Thursday, December 31, 2009

End Point

There are some things they don’t tell you when you start school. As I leave Guelph-Humber and venture into this big playground called the world, a flurry of emotions are making their rounds within me. There is the excitement of finally being finished: all those late nights agonizing over that seemingly meaningless essay are now over. Following excitement is anxiety: have I learned enough? Am I good enough? This anxiety spurs fear, as I remember that I am leaving the only life I have known for four years, and I wonder what it will be like to adjust to a new life as a working person. The final emotion is humbleness. After much excitement, fear, and anxiety, I am on the cusp of completing this journey and earning a university degree.

These last four years of my life have rushed by like the turning pages of a dramatic novel. University life has spurned the darkest times of my life, but also some of the most exciting. While I have often questioned the façade of academia and debated it’s true importance, the bottom line is that my status as a journalism student has provided me opportunities that may have otherwise been obscure.

And now it is the end. To future Guelph-Humber students, I say this: first year is the hardest, and once you have completed this hurdle, a little heart and a lot of hard work will take you the rest of the way. Don’t listen to your professors on the first day of class. You may spend two hours a week on one class, or ten hours on another. Tune out the professor and take some time to digest everything. It’s not as bad as it may seem. There is time to do everything.

Do not wait. Starting your assignments early will give you more time, more confidence and allow for more creativity. A hard-earned, successful end result far outweighs the bragging rights of an all-nighter assignment.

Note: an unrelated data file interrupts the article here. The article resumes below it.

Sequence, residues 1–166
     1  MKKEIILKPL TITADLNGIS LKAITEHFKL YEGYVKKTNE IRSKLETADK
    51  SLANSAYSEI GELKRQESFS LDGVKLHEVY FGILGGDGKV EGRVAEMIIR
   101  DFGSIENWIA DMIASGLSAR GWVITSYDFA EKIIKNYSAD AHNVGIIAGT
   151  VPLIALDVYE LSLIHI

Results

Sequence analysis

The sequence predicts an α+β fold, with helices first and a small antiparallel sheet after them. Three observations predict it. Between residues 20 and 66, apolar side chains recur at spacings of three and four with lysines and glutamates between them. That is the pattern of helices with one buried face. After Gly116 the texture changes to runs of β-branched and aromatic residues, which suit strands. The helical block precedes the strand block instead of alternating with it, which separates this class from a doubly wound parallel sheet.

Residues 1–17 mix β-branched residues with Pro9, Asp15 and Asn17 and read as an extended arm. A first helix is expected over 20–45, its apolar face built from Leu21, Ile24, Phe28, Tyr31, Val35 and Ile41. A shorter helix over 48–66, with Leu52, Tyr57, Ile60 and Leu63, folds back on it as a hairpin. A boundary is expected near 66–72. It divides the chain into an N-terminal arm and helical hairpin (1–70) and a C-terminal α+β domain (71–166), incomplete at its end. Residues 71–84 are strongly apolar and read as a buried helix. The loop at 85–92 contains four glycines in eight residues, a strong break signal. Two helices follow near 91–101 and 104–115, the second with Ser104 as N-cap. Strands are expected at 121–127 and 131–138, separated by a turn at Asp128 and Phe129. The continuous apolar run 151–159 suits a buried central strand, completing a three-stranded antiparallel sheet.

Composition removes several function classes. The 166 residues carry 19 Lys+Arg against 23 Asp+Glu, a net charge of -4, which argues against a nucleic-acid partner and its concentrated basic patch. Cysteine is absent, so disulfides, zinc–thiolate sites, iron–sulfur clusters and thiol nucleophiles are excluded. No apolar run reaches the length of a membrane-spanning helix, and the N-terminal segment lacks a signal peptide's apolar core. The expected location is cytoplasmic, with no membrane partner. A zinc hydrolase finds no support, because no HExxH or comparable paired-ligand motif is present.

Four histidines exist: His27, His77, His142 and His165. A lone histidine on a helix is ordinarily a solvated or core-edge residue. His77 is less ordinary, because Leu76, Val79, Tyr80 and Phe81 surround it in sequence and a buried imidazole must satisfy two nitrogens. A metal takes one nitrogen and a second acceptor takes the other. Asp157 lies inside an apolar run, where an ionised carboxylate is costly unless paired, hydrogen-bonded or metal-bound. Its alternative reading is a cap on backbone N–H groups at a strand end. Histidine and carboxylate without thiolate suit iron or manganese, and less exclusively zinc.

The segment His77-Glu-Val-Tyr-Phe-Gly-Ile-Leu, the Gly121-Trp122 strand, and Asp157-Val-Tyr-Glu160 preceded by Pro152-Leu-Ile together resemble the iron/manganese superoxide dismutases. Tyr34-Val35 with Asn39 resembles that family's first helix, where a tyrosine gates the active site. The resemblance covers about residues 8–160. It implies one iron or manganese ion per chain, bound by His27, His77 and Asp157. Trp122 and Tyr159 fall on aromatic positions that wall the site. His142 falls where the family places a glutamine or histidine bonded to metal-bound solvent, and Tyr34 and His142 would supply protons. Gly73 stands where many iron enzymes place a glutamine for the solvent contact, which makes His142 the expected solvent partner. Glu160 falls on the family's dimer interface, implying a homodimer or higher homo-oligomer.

Discount no one. You never know who you can learn from, and this does not disclude classmates. No matter how superior of a writer you feel you may be, listen to your editors. You never know who you can learn something from, and I repeat this phrase for a purpose. Take advantage of every learning opportunity.

You will encounter many professors during your four years. Some will be life changing, other’s names will be forgotten by the next semester. Professors are never as frightening as they are during the first class, and they may just be the one to inspire you. No matter how your instructor dresses or how bizarre they may seem, they may just be brilliant. Never discount a conversation because it seems tedious or irrelevant at the time. Listen to everyone. These people are teachers for a reason.

It is not always necessary to operate by the textbook. Take it class by class. If the reading does not help you learn, don’t do it. If the lectures don’t inspire you, don’t attend. But have an eye to what does help you learn, and make your best effort. Disinterest or dislike is not an excuse to deem the class pointless or stupid. Remember, you’re paying for it. You may as well try to take something from it.

Most importantly, make time for friends. Professors, aquaintances and classes will come and go, but friends are forever. Make time for them. You may quickly forget that paper you did just average on, but you will never forget the smiles, laughter and love of true friends. Get to know as many people as you can, and learn to love everyone. It makes the sometimes agonizing experiences survivable, and the most difficult four years of your life unforgettable. Thank you to all those who helped me through the excitement and agony. Thank you for keeping my head above water. We survived. We did it.

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